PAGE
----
Our first microbial organisms began their evolutionary journey into us around 3 billion years ago. And there must be many habitable planets much older than our own which may have begun their journey into advanced life much earlier than ours. After all, the Big Bang took place nearly 14 billion years ago.  If these civilisations managed to survive into maturity, they must be hugely more advanced than us. Imagine where a thousand years will take us from where we are now – and that is just a blink in space time. Then imagine a civilisation a million years ahead.

“So, where are they?” you ask. “Why haven’t we heard from them?” The answer may be that we have, but don’t know it. Or that such smart creature – dare we say considerate – hold to Star Trek’s Prime Directive of non-interference.

Then again, it may be that the sheer immensity of the distances which separate us confound even the most advanced civilisations. “Ah, but,” I hear you say, “what about warp speed and worm holes?” Yes, but they may only be part of our wild and ever-hopeful imaginings. The simple truth could be that even the cleverest of aliens cannot overturn the iron laws of physics. Perhaps one or more of those laws block our pathways to each other for ever.

What is undoubtedly true is that sooner or later SETI (Search for Extra Terrestrial Intelligence) will hear from them in a form of encryption that we can understand. But we can never have conversations. Even at light speed, it would take far, far too long for a message to get back to the sender.

I well remember the incredible excitement which surrounded the Apollo missions and, in particular, those steps down the Luna module to make contact for the first time with the surface of an alien world. That was 1969. If only we had kept up that momentum, we would have been on Mars long ago. Instead, we chose to spend our precious resources on foreign wars, defense establishments and ever more fiendish ways of killing each other.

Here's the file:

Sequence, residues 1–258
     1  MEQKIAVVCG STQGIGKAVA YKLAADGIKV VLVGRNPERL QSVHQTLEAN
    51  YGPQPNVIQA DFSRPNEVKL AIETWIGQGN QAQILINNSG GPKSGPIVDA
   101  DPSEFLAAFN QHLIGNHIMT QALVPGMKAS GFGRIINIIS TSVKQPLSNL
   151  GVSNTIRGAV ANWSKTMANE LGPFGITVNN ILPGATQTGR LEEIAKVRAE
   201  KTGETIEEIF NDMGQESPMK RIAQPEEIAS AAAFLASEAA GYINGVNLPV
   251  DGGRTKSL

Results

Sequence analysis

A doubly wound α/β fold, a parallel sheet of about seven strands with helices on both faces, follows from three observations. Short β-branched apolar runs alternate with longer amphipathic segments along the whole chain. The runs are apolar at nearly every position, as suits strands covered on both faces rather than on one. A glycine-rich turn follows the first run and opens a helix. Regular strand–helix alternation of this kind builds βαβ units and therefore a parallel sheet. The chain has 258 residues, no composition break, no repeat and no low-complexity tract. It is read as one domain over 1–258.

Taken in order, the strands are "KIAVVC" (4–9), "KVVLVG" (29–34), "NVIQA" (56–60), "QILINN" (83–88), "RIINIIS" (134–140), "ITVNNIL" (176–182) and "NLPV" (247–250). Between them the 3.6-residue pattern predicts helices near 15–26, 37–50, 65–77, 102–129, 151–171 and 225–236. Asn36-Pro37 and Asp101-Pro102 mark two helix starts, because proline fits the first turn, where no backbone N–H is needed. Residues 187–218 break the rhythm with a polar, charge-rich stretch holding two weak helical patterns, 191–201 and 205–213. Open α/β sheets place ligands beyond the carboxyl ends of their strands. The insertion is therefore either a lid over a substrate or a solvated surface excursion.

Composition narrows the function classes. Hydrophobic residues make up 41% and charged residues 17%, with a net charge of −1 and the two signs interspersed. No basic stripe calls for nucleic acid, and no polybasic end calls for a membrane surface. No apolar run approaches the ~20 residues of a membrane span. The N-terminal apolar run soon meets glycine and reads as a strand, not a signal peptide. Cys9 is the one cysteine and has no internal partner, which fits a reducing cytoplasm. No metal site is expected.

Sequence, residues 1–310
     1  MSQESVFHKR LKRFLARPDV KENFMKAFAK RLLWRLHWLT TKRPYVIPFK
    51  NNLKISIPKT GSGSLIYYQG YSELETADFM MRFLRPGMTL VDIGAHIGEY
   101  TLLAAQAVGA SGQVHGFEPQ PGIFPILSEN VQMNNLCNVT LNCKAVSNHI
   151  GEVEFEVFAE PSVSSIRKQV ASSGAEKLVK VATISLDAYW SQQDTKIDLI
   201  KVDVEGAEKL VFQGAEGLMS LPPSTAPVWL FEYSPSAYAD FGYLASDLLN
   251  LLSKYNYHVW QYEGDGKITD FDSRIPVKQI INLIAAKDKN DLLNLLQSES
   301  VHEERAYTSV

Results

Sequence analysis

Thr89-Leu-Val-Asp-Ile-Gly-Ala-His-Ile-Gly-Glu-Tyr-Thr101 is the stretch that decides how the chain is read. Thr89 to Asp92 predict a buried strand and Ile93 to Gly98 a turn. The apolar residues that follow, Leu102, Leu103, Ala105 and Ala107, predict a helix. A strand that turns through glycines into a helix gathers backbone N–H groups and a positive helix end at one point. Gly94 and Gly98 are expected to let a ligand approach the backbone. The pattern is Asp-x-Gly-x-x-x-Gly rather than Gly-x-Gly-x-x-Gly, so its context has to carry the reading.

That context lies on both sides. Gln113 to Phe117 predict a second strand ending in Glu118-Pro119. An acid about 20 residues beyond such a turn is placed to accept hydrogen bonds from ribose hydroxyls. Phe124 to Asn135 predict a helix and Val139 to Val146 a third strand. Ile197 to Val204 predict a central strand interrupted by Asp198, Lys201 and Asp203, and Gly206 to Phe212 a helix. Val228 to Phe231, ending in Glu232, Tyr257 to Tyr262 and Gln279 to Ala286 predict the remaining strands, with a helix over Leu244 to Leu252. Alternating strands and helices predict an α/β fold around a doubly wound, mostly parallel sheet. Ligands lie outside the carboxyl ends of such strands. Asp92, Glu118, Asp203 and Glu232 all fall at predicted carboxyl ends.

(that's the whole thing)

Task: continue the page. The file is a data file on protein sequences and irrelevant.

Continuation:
Having said that, I have to acknowledge that it was the Cold War and America’s refusal to be beaten to the moon that pulled off that stunning feat. NASA has shown that the final building block to possible life on Mars is there and that a permanent presence on that planet is possible. China’s interest in the Red Planet may be all that is needs to kick start a fresh race into space. I hope so. I would love to live long enough to relive a similar thrill to that which I enjoyed all those long years ago.

A triumph for mankind

I cannot let this day pass without mention of the Large Hadron Collider’s incredible achievement in validating Peter Higgs’ prediction of the so-called ‘God Particle’, which he made almost half a century ago in 1964.

The discovery, announced at CERN today, stands up there with Einstein’s theories of relativity and the discovery of DNA in its implications for how we understand ourselves and the universe we live in.

The importance of the Higgs boson’s discovery should not be underestimated. It is vindication of the Standard Model of particle physics, which in recent decades has come under fire by more exotic theories such as String Theory due to a hole in the model which today’s discovery now fills.

But spare a thought for the many physicists and others who bought into these bizarre theories. Having spent many years pursuing them, they are now totally discredited. Years of research have gone down the Swanee.